The owner’s grandfather, the great modernist landscape architect John Ormsbee Simonds, wrote of an urban square, “A city square is for people. It must attract and accommodate [people]. It is a meeting place. It is a passing-through place. It is a waiting-for and greeting place. It is a stay-awhile and relaxing place. It must be human in scale and human in its appeal”.
Surrounded by two residences, the owner’s 1903 studio building, and a new four-story commercial office and gallery, Superball Court is an island of urban open space in Pittsburgh’s dense Bloomfield neighborhood. The challenges inherent in the design of this small courtyard encompassed logistics of accessibility, egress, trash removal and program. This is above all a landscape for the owner and adjacent buildings’ inhabitants to relax in, meet people, and traverse amongst plants and trees.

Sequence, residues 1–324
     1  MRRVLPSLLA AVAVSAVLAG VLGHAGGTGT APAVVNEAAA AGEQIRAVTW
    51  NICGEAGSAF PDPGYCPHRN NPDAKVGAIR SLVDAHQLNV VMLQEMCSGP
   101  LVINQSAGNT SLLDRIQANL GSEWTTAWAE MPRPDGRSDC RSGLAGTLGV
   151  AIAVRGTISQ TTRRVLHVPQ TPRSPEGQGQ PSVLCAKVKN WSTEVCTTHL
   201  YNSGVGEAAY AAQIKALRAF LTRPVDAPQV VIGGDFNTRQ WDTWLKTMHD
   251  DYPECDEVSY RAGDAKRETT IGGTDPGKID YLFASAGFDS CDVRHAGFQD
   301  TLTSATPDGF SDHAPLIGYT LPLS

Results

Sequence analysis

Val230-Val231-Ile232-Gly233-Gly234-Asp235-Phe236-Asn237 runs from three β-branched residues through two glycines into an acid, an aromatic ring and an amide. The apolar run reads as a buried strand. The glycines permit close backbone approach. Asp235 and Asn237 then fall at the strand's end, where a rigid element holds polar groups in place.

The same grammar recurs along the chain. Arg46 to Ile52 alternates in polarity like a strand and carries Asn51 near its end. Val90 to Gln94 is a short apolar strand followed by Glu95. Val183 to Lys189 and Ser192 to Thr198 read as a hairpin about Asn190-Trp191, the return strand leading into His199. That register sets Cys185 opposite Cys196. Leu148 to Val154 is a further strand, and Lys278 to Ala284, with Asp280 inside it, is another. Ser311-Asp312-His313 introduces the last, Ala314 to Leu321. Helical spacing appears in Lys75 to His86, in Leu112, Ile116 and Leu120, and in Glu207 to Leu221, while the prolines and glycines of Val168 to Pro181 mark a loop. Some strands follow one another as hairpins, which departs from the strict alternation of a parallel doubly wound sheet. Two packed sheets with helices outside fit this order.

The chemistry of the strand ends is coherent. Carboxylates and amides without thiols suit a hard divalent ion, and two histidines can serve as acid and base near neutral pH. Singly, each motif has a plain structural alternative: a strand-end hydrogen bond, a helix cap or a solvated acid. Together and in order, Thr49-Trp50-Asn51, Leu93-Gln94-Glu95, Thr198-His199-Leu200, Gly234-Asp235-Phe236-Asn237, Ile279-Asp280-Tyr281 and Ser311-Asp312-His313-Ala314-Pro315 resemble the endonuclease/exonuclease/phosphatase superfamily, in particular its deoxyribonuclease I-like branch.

The design weaves together themes of historic construction detail (brickwork), paving pattern inspiration from Simonds & Simonds’ Pittsburgh MCM projects, and the owner’s own visual and performance art research (past projects on the Super Ball, “Most Fantastic Ball Ever Created By Science!”) and investigation into the history of the Harlequin as representation of human condition (behaviorally and through visual representation of pattern).
Equitable Plaza, downtown Pittsburgh PA, Built 1959, Simonds & Simonds Landscape Architects
Owner’s Writing Excerpt: “Epilogue: Harlequin and the Fractured Man”
1903 Pittsburgh Map Showing the Site
Mary Barensfeld Architecture